How JustAnswer Works:
  • Ask an Expert
    Experts are full of valuable knowledge and are ready to help with any question. Credentials confirmed by a Fortune 500 verification firm.
  • Get a Professional Answer
    Via email, text message, or notification as you wait on our site. Ask follow up questions if you need to.
  • 100% Satisfaction Guarantee
    Rate the answer you receive.
Ask Dr. Michael Salkin Your Own Question
Dr. Michael Salkin
Dr. Michael Salkin, Veterinarian
Category: Dog Veterinary
Satisfied Customers: 30288
Experience:  University of California at Davis graduate veterinarian with 45 years of experience
55012488
Type Your Dog Veterinary Question Here...
Dr. Michael Salkin is online now
A new question is answered every 9 seconds

3 weeks ago I began fostering a pit mix female approx 2 yrs

Customer Question

3 weeks ago I began fostering a pit bull mix female approx 2 yrs old. She is quite skinny but is eating well and steadily gaining weight, in addition to being under wt, she also had small sores randomly on her body, face, legs, one on her ear. I kept asking the people at the shelter about them and was told they weren't sure why she had them but they weren't contagious. Most of them have healed or are almost healed, but I see new spots starting to show up. They look like pimples or small blisters and has 2 of them on her snout and 1 on her chin. I don't like taking her to the shelter to see their vet, but I'm concerned that these spots could be an indication of other health issues. Should I be looking for other symptoms or changes in spots?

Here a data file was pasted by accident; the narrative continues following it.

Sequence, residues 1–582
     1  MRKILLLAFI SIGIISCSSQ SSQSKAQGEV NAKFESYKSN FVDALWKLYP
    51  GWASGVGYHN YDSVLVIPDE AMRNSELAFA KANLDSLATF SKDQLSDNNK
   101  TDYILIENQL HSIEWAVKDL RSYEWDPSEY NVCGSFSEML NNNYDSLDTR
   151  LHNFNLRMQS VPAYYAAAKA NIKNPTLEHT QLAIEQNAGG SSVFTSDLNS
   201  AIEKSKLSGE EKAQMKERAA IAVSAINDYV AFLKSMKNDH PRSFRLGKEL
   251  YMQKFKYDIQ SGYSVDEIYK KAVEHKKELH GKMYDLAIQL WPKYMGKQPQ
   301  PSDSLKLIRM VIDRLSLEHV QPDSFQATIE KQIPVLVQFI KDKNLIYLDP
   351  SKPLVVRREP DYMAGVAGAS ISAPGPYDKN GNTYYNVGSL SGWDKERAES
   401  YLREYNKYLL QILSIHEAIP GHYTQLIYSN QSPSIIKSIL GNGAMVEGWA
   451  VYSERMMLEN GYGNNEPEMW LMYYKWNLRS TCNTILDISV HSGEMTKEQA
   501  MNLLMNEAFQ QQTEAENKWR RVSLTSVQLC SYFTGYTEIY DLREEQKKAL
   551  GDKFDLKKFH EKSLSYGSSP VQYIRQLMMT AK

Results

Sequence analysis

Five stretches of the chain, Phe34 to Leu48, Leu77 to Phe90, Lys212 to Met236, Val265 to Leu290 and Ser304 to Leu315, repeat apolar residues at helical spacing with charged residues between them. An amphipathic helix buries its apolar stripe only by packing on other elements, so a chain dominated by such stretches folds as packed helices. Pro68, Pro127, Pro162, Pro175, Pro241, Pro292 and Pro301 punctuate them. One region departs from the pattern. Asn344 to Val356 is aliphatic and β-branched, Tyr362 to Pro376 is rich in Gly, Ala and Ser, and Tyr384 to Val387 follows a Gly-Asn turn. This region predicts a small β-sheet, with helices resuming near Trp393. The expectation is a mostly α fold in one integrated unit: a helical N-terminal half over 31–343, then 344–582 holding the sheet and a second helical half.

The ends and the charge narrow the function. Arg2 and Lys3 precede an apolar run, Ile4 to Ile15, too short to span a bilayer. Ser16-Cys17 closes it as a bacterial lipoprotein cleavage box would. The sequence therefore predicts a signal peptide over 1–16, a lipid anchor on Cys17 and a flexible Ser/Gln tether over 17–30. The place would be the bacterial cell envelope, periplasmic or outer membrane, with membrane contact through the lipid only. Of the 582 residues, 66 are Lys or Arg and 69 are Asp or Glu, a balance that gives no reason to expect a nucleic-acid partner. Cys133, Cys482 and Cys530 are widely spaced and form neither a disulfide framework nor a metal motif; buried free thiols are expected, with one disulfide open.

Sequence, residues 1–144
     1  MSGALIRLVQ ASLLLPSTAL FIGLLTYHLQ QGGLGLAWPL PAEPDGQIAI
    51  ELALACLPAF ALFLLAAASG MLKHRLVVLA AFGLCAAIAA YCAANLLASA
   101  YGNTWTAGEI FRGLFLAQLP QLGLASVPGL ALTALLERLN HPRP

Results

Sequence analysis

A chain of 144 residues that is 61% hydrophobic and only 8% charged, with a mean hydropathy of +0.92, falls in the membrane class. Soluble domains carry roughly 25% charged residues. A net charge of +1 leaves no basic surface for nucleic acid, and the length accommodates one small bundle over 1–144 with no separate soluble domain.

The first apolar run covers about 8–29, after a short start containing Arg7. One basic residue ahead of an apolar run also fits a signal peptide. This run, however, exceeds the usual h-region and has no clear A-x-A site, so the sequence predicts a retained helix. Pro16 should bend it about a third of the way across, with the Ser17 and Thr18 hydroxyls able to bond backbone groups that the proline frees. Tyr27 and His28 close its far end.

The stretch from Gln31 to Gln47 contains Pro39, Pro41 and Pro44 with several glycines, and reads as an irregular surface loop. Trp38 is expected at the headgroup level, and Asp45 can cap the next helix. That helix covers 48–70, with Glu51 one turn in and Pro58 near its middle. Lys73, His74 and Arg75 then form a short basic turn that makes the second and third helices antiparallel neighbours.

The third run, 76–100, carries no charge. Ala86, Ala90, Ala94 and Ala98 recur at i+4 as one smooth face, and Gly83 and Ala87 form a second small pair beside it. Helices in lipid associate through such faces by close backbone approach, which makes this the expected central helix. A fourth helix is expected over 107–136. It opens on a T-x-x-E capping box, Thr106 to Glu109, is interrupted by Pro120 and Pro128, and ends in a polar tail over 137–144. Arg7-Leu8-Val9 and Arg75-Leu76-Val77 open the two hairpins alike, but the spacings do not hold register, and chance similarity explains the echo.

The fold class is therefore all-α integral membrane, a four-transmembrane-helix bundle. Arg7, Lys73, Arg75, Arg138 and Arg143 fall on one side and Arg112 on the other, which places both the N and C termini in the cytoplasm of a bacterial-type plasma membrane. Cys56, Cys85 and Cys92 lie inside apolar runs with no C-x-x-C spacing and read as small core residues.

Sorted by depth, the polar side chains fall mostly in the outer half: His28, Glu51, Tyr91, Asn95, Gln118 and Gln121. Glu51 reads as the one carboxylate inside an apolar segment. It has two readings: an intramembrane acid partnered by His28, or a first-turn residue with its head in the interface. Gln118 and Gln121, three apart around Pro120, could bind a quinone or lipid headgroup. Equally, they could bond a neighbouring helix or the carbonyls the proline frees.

Submitted: 1 year ago.
Category: Dog Veterinary
Customer: replied 1 year ago.
I (think) I attached 2 pictures
Expert:  Dr. Michael Salkin replied 1 year ago.

Thank you for the photos! The many patches of alopecia and "sores" which likely represent pyoderma (bacterial skin infection) are strongly suggestive of demodicosis (the Demodex mange mite). I would skin scrape her looking for the mite and if present treat with oral ivermectin and a broad spectrum antibiotic in the cephalosporin class such as cephalexin. If no mites could be found, she's still a candidate for cephalexin and bathing in a chlorhexidine or benzoyl peroxide-containing shampoo twice weekly which should hasten resolution of the pyoderma.

Please respond with further questions or concerns if you wish.

Expert:  Dr. Michael Salkin replied 1 year ago.
Hi,
I'm just following up on our conversation about your pet. How is everything going?
Dr. Michael Salkin